Thursday,19 July, 2018
Current issue | Issue 1379, (1 -7 February 2018)
Thursday,19 July, 2018
Issue 1379, (1 -7 February 2018)

Ahram Weekly

Difficult to detach

Mai Samih sheds light on the importance of attachment in building a child’s personality

H

ow are the personalities of children formed? What forms them? One theory, the attachment theory, ties the process of attachment to the choices of children in life and tries to answer these questions.

“The theory of attachment is one of the most important of the 20th century. It started to appear in the late 1960s and beginning of the 1970s. A British psychiatrist, John Bowlby, came up with the theory. He was assigned by the United Nations to write a psychological report about children who had lost their parents during World War II, and as a result of his studies of such children at London clinics and orphanages he found that children who had lost one of their parents or caregivers experienced various problems, leading him to make hypotheses about attachment,” explained psychiatrist Ahmed Nour in a lecture organised by the Cordoba Cultural Salon in Cairo.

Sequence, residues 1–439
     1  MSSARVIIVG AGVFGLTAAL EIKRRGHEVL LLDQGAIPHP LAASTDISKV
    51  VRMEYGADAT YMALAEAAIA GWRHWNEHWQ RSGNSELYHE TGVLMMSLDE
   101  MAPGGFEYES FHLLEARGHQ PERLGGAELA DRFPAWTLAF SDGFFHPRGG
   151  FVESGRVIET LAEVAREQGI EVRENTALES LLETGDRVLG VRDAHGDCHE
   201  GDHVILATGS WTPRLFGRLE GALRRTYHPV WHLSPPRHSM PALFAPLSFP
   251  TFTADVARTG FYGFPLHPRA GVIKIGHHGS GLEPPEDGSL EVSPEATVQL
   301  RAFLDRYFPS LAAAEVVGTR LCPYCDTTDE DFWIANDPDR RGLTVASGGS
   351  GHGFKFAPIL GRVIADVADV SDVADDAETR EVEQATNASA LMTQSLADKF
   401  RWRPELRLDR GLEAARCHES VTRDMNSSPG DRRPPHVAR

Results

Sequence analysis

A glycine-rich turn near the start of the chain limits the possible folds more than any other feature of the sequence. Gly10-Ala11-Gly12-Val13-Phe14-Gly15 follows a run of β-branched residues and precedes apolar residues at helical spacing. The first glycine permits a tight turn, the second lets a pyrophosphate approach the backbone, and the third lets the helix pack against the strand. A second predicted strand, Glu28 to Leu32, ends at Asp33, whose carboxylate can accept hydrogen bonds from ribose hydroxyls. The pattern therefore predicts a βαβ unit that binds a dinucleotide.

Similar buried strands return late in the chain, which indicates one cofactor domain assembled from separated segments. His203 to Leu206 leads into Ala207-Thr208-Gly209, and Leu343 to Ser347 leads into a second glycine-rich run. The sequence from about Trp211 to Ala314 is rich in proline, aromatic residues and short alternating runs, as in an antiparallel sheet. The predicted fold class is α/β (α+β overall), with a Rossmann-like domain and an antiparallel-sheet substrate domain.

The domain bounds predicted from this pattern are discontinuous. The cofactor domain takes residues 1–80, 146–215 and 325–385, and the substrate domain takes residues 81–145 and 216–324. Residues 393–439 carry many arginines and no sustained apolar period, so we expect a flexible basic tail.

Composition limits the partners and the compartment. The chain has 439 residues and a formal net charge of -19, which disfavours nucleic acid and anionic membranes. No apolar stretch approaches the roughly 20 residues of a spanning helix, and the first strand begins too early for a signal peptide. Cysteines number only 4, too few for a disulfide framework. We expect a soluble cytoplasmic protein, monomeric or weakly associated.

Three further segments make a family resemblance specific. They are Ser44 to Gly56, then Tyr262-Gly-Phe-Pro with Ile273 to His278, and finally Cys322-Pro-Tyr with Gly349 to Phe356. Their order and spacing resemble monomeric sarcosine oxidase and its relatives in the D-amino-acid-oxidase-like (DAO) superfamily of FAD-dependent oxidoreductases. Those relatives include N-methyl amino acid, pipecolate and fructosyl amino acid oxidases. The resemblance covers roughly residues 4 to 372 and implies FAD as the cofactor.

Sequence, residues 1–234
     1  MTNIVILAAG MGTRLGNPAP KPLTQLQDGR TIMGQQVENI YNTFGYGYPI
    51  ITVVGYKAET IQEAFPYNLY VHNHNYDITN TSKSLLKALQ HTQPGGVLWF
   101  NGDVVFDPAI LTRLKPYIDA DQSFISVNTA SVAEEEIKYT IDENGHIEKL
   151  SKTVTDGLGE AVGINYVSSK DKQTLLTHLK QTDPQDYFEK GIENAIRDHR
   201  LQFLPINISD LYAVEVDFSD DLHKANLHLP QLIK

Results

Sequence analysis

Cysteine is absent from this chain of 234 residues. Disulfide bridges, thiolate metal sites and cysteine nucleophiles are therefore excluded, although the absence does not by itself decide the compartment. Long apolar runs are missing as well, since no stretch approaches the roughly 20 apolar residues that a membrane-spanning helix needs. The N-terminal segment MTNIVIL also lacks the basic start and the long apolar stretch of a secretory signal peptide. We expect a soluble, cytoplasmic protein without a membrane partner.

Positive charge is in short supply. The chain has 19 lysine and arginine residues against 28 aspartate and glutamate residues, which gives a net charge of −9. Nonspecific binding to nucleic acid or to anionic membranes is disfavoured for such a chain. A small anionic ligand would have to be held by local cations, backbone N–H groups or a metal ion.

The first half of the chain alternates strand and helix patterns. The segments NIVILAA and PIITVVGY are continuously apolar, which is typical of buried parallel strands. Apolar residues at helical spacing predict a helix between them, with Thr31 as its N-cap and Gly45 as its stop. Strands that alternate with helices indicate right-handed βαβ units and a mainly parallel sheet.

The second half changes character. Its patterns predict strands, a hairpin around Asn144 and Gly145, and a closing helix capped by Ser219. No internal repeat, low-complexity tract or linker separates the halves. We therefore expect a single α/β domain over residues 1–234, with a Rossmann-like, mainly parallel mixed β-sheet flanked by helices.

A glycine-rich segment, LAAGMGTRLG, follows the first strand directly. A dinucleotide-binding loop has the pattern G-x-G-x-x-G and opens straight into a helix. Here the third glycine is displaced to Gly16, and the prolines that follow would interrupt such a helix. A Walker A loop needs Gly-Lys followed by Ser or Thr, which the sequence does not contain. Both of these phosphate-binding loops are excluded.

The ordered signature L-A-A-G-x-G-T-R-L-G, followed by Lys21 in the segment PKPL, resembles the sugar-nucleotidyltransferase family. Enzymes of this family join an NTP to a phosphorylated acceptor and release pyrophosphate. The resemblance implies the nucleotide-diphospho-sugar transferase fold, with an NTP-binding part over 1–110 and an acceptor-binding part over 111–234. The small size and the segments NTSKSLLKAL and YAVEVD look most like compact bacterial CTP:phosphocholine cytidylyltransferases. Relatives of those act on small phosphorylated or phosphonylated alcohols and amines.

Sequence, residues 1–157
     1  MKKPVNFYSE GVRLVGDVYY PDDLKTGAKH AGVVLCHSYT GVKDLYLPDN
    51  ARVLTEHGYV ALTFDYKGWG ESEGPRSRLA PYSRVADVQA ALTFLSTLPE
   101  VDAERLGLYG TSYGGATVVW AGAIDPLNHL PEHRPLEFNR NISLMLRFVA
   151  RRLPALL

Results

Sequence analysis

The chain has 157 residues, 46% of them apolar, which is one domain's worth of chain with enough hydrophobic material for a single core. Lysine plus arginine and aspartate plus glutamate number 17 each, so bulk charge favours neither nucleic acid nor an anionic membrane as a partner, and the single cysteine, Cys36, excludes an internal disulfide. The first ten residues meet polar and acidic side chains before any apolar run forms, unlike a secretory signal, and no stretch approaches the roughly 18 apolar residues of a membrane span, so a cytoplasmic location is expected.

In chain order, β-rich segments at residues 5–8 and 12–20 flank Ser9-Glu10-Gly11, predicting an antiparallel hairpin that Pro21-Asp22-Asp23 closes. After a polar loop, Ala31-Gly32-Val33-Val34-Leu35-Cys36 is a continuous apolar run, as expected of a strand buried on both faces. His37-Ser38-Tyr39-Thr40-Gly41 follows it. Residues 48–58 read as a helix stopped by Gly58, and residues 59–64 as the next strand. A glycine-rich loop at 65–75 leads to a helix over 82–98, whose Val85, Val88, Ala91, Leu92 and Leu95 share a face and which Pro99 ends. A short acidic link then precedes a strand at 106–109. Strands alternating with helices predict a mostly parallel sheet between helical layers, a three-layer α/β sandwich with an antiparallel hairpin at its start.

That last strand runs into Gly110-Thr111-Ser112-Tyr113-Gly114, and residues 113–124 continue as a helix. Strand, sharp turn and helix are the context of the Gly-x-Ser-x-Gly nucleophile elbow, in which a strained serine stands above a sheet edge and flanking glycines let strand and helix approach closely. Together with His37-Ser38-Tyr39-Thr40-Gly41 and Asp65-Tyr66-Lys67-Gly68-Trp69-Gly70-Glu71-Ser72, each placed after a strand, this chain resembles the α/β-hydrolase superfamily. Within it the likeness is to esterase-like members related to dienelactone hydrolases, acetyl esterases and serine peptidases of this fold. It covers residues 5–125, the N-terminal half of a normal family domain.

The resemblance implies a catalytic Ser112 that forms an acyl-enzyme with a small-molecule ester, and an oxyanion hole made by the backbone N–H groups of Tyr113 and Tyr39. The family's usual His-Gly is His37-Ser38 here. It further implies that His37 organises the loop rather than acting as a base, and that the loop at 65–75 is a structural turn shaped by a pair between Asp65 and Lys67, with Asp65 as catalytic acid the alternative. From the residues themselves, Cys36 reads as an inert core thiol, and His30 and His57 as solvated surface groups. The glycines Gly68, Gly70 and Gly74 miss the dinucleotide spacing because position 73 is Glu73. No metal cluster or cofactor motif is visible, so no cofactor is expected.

“Attachment is an instinct that is different from basic needs, like the need for food and drink. But that does not mean it is not an essential need in humans,” he said. 

Bowlby’s work was a development out of the science of ethology, or the science of animal behaviour. He found that many animals were also attached to their mothers, especially in the early years, and that this was a basic need to preserve the species, Nour said.  

The theory says that children are born biologically pre-programmed to form attachments with others because this will help them to survive. A child produces innate “social-release” behaviour such as crying and smiling that stimulate innate care-giving responses from adults. The determinant of attachment is not food, but care and responsiveness.